Fuse Theater Review: “Other Desert Cities” — Bridging the Great Cultural Divide?
For all of its earnest interest in healing some of the great divides in American life, Other Desert Cities ends up slighting the desert spaces that lie between us.
Other Desert Cities by Jon Robin Baitz. Directed by Scott Edmiston. Set by Janie E. Howland. Costumes by Charles Schoonmaker. Lighting by Karen Perlow. Staged by SpeakEasy Stage. At Stanford Calderwood Pavilion at the Boston Center for the Arts, Boston, MA, through February 9.
By Bill Marx.
Dramatist Jon Robin Baitz has his eye on Henrik Ibsen. In 1999, he adapted Hedda Gabler and now in his 2010 play Other Desert Cities, he spins a homegrown variation on The Wild Duck. Both plays feature a hell-bent (and flawed) truth-teller determined to push unflattering news into faces of a band of dreamers who are living “fake” lives based on lies and self-serving delusions. Ibsen, always uncompromising, took this crusade all the way to its magnificent tragicomic conclusion—God save us from the truth-tellers! Baitz, being an American and writing for the reality-adverse sensibilities of Broadway audiences, keeps his dramatic expose all in the family, which apparently gives him permission to stop short of pushing his exploration of cultural and internecine trauma to its outer limit. Among American playwrights, only Eugene O’Neill in Long Day’s Journey Into Night had the courage to take a long and hard look into the domestic abyss.
This is not to say that the generally well-acted SpeakEasy Stage production isn’t involving, particularly once the expository scenes are over with, though Baitz takes his time letting go of the sugary hand-rail.
Left-wing daughter Brooke Wyeth, a once promising novelist who has shakily survived bouts of depression and the breakup of her marriage, is visiting her wealthy, right-wing parents in Palm Springs, California. It is Christmas 2004, and her gift is a mysterious manuscript filled with uncomfortable revelations about the suicide of her older brother Henry, an antiwar activist. The book is not kind regarding her parents’ treatment of her disturbed sibling: they are heavy-duty Republicans (they mingled with Ron and Nancy) who had careers in film—Lyman as a minor action hero, Polly a screenwriter. (Cue laugh lines about show biz). Other family members tested by the tell-all book are Brooke’s amiable brother Trip, who produces a reality TV show (Cue jokes about schlock programming followed by an obligatory confession of deep self-loathing), and Silda, Polly’s alcoholic sister, who slings sharp zingers while alternately loping and collapsing around the house. (Early on, Polly and her sister’s Jewish background generates the usual Yiddish-y one-liners. Apparently, they still work on Broadway.)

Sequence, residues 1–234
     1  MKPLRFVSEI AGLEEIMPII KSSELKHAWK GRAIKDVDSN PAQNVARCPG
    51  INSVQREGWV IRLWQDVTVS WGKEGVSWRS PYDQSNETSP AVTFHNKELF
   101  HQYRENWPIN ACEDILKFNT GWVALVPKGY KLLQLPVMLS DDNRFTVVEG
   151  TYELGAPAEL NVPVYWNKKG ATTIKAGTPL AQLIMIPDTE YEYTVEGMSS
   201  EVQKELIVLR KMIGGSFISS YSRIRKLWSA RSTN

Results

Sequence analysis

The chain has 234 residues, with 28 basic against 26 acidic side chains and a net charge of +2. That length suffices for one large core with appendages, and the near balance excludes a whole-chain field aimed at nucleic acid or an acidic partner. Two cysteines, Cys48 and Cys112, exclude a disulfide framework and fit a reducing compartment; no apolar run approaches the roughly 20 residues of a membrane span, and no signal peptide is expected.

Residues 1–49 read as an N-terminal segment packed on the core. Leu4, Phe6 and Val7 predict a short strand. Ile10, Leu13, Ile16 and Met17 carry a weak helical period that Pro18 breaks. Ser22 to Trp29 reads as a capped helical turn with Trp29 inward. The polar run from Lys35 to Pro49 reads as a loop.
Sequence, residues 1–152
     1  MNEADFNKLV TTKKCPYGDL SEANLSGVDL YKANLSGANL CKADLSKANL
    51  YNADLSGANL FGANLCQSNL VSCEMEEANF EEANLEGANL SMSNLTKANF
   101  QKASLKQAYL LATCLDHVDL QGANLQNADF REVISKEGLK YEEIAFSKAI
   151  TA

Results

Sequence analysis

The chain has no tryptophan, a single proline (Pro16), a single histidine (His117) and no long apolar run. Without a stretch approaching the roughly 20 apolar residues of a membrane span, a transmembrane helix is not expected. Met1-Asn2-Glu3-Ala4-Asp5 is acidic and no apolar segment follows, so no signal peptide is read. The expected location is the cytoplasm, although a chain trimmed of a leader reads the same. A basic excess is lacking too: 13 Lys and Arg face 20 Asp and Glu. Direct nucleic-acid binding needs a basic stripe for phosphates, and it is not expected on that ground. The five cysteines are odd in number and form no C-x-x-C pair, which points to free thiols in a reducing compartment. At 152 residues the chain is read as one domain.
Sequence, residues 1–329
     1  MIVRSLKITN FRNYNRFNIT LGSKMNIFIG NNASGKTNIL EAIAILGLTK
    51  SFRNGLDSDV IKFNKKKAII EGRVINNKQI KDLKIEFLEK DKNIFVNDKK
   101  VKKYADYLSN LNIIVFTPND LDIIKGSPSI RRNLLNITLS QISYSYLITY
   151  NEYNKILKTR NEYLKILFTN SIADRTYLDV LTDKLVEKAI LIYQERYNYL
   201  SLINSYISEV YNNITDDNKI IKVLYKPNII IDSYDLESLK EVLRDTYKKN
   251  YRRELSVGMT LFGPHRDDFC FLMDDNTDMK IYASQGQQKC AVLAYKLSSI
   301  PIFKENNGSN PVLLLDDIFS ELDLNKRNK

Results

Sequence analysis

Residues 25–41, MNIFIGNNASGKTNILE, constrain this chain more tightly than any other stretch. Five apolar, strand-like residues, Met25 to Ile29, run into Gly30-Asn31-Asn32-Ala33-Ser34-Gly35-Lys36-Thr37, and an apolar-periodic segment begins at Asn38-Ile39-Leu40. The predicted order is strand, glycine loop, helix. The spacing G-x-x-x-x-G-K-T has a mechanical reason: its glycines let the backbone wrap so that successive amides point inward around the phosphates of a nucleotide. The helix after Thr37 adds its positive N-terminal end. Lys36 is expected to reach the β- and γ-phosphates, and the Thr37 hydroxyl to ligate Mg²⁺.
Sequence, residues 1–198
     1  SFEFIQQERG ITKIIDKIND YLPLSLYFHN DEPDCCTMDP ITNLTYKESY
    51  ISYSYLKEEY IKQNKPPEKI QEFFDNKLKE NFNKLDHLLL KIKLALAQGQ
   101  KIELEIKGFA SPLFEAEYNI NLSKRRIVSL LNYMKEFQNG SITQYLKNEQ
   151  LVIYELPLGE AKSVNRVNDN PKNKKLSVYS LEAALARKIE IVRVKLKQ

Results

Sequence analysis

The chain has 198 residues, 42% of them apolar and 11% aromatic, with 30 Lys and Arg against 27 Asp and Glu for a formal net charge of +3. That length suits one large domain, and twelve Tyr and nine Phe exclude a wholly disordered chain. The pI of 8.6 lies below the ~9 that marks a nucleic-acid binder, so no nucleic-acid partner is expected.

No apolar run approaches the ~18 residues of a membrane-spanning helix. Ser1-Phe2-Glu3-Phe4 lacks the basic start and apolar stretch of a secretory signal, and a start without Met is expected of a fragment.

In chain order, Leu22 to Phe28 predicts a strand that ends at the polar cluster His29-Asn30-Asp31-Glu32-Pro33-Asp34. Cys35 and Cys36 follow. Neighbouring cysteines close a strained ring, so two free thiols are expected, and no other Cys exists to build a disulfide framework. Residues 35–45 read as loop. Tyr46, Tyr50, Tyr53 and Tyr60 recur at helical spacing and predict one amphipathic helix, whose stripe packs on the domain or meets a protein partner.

Once the introductory chit-chat is over, Brooke hands the manuscript to Lyman, Polly, and Trip to read, and Other Desert Cities’ serving of buried traumas, repressed secrets, simmering culture wars, spiritual paralysis, and casual addiction ripens in pleasingly melodramatic ways. (There is more than a touch of Edward Albee’s A Delicate Balance here as well.) When is betrayal in the pursuit of the truth acceptable? Can anyone really arrive at an objective truth about family matters? What price loyality? What values transcend hardline political beliefs?